Copyright, 1895, by Harper & Brothers. All Rights Reserved.
||NEW YORK, TUESDAY, AUGUST 20, 1895.
||FIVE CENTS A COPY.
|VOL. XVI.—NO. 825.
||TWO DOLLARS A YEAR.
BY JULIANA CONOVER.
t was the ending of the ninth inning; the score stood 8 to 7 in Princeton's favor, but Harvard had only one man out, and the bases were full.
Was it any wonder that the Freshmen couldn't keep their seats, and that the very air seemed to hold its breath while Bradfield, '98, twisted the ball?
In the centre of the grand stand, where the orange and black was thickest, but the enthusiasm more controlled, stood a boy, his whole body quivering with nervous excitement, his eyes glued—as were all others—to the pitcher's box.
"Come in, now! look out! lead off!" the Harvard coach was saying, as the umpire's "one strike, two balls, two strikes, three balls," raised and dashed again the hopes of Princeton. Then came a moment of horrible nerve-destroying suspense, and then the umpire's calm and judicial—"striker out."
Above the cheers, which literally tore the air, the shrill discordant note of the boy's voice could be heard, yelling like mad for Princeton and '98.
"Who is that little fellow?" said a girl, just behind him to her companion. The boy turned like a flash.
"I'm Braddy's brother," he said, his chest still heaving, and his cheek glowing. "He's struck out seven men!"
The girl smiled, and an upper classman, who was next to him, patted him on the back.
"It's a proud day for Braddy's brother," he said, "and for '98 and Princeton, that is, if Harvard doesn't—" For a moment it looked as if Harvard would, for the regular thud of the ball against the catcher's glove was interrupted by the ominous crack of the bat, and the men on bases ran for their lives on the bare chance of a hit, or possibly an error.
But '98 was not going to let a hard-earned victory slip between her fingers like that; the short-stop fielded the swift grounder beautifully, and the runner was out at first.
There was a short cheer, then a long wordless, formless burst of triumph swelling out from a hundred throats. The crowd swarmed on the diamond, the Freshman nine was picked up and carried off the field, "Braddy" riding on the crest of a dangerous-looking wave which was formed by a seething, howling mob.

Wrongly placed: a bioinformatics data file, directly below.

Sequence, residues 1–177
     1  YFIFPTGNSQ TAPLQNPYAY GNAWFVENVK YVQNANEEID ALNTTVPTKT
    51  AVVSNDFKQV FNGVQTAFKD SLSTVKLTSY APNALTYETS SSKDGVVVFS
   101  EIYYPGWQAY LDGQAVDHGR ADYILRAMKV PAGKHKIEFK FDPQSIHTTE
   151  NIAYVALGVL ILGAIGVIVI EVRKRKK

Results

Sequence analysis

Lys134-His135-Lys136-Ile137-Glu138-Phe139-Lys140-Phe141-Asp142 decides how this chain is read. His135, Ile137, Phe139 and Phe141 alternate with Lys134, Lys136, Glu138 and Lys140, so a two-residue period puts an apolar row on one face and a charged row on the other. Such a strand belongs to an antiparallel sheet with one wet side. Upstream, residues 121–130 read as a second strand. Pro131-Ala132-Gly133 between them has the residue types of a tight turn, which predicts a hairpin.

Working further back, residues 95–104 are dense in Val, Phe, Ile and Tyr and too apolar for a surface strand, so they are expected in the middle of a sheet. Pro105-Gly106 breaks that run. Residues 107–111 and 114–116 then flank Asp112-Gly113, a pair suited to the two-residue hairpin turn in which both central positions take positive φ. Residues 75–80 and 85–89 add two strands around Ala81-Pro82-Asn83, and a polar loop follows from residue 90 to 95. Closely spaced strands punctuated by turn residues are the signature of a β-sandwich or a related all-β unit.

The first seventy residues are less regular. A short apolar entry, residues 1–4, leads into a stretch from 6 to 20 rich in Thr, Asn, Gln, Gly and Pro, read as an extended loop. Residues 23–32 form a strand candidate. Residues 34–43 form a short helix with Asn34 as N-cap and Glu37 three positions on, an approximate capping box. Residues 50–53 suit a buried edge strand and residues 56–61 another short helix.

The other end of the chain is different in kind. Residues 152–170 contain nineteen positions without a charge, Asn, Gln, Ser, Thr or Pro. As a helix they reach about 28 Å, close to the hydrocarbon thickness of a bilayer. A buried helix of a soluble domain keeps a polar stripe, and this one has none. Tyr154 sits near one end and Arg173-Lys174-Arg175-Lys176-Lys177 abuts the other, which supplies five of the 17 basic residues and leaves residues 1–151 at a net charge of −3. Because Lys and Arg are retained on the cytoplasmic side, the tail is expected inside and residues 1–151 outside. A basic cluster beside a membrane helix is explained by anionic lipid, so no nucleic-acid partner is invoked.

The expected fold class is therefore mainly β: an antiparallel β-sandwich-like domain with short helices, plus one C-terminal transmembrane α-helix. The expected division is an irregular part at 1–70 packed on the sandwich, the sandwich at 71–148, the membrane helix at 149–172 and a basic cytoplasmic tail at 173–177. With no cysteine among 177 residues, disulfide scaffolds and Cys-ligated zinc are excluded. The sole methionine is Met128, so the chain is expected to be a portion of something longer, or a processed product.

"Well," said the Senior, turning to his small neighbor, "how does 'Braddy's brother' feel now?"
But "Braddy's brother's" feelings were too deep for utterance; besides, he was trying to remember just how many times the Princeton Freshmen had won from Harvard in the last six years.
"Hullo, Dave! Dave Hunter!" called Bradfield, as a small boy passed near the group on the front campus. "Don't you want to take my brother off for a little while, and show him the town?"
Dave came up blushing with pleasure at having the man who had just pitched a winning game single him out.
"This is Dave Hunter, a special friend of mine, Bing," Braddy continued, turning to the little chap who was lying stretched out on the grass beside him, and who felt by this time as if he owned the whole campus and all the college buildings, for hadn't he been in the athletic club-house, the cage, and the 'gym.'? and wasn't he actually going to eat at a Freshman club, and sleep up in a college room? It was the greatest day of his life, his first taste of independence; and the glory of being "Braddy's brother" seemed to him beyond compare.
"Don't keep him too long, Dave," said Bradfield, as the two boys started off; "we'll have to get through dinner early if we want to hear the Seniors sing."
Young Bingham Bradfield nodded and blushed and smiled all the way down to the gate, as men in the different groups which they passed called out:
"There goes 'Braddy's brother,'" or, "Hullo, little Brad," or,